How does typos, misspellings and bad language affect the product?

Hi everyone,

When I test a new software product, I always tend to see typos and cosmetic issues almost immediately. I always have a note book near, to write down such things. Later on I ask the developers what they think of those issues. But almost everytime I meet some kind of resistance, they might say it's not that serious or I don't know that language very good or something like that.

But personally, I think not fixing such issues will make the end user have lowered confidence in the product. And usability could be lowered as well. What do you think of those minor issues, do the affect the perception of the product in any way?

Best regards,
Michael

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They can affect perception of the product - the user can think that if they cant get the spelling right then what else have they got wrong ? Though I've sat through UAT sessions where the users have not noticed some blatant errors - they just want to get the job done

From the programmers side I have some sympathy with the devs - in my programming days 90% of my time would be spend coding up some clever algorithm and then when that was working the UI would get stuck on the top of it and that was all a tester would notice and test

but without these mistakes sites such as QA Hates You would be short of material
Since I've never attended any UAT sessions or similar, I don't know how the customer thinks and acts. But since I quite easily discovers those minor spelling issues I think that there must be others like me. And if I'm paying for a product, I would like it to be as good as possible. Don't know where I'm going with this post... :)
I think that it really depends on the audience :-)

I know that we *try* to be very conscious about grammar and spelling mistakes in the product, and given they are usually very easy to solve we just make sure to fix them on the spot, there's not even an argument about it anymore.

Personally I see these kind of bugs as a low-severity / high-priority issue (and use them as examples when I explain the diff between priority and severity in my classes), and I support fixing them ASAP since you never know what will make the customer flip, something it may be the little things like cut icons or bad English.

My 2 cents.
I couldn't agree more. I also think they should be fixed as soon as possible, since I don't think there might be any good reason for keeping a typo in text.
"But almost everytime I meet some kind of resistance"

What kind of resistance are you meeting here?

Are the developers indicating that these are not actually bugs? Or that they are not important to fix? Or that they are less important to find and fix that other, far more severe bugs?

If you find a typo, write a quick bug report and move on. Let your bug reports speak for themselves. I'm not saying you do this, but in general, try not to get into a power struggle with developers where you insist that every single bug be fixed. Instead, let the team triage the bug list and give priority to fixing the bugs that matter for your business.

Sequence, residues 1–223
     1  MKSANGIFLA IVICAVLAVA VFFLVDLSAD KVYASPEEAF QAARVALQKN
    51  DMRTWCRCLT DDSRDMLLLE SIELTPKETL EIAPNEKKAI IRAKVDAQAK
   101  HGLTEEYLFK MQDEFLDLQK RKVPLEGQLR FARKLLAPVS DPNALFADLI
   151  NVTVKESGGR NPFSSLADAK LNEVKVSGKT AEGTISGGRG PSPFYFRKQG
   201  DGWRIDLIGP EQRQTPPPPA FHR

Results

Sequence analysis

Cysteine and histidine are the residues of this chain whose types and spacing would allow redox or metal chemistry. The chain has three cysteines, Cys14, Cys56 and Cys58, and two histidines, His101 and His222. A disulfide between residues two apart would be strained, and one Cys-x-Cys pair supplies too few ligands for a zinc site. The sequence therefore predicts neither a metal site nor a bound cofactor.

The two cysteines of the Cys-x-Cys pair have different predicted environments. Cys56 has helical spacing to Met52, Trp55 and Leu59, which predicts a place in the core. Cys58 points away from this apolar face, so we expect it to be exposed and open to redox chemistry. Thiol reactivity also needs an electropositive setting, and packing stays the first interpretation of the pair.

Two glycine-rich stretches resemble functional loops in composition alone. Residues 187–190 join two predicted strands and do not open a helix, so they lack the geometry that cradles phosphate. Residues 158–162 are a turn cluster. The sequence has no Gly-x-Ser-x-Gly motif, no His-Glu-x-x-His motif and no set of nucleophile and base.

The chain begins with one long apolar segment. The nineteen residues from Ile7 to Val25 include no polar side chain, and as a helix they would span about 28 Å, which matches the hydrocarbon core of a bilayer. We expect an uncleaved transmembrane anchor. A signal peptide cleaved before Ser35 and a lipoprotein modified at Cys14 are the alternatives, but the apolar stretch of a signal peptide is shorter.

Well, the resistance is not defined. It can be everything from a deep sigh when commenting it, to people giving excuses and so on. Even if they accept that there is a typo or similar and a bug is entered, it's often not fixed before release. Instead it's postponed until next release. It couldn't be that hard to fix the issue if you know exactly where it is, could it?

But your suggestion with writing a bug report and move on sounds good to me. Most of the time developers wants me to talk to them before writing a bug report, but sometimes I manages to sneak one in :)
yup, I used to give it the Big Sigh and no, the fixes were really quick to do

Problem is, I was code-centric and a spelling mistake did not seem the end of the world and seemed such a waste of my time fixing trivial stuff like that when I had a brain the size of a planet ( yeh, if I was so **** clever why did I make stupid mistakes ! )

try to put yourself in the devs shoes - you seem to be ignoring 90% of the work they did and picking holes in the UI bits.

If it's a regular mistake then try giving the devs a UI checklist they can work through before making a release ( check spelling, check tab order ) or volunteer to give the UI a once-over before they commit to making the release
Hehe, yeah, I can imagine how it feels. It must be quite tough to hear someone "complain" about their work all the time. Thats why I always try to say something positive as well, like "this new function works in a really good was, user friendly and all, but... the instructions are missing..."

UI checklist was a good suggestion. Maybe I'll try that.
"Most of the time developers wants me to talk to them before writing a bug report"

Really? Why?
So they can decide if it's an issue or not?! Man, sounds quite stupid in writing :) Well, I guess they like to know before getting surprised with an issue-tracker-email. And often, they want me to test a few other things to verify something else, related to the actual issue found. Does this make sense?
(shrug) It might work perfectly well in your shop. It sure doesn't in mine.

In my shop, QA and Dev both have far too much work to do, which doesn't allow for vetting every bug report before submitting it. Very few issues are submitted which turn out not to be bugs. Those few are considered just part of the cost of doing business and are not a big concern.
Ah, I see. We are a quite small company with just one or two developers per project. And the release cycles are quite long (3-5 months up to a year) so there is always time to discuss. But sometimes, I guess the issues shouldn't be discussed at all, since they are so small :)

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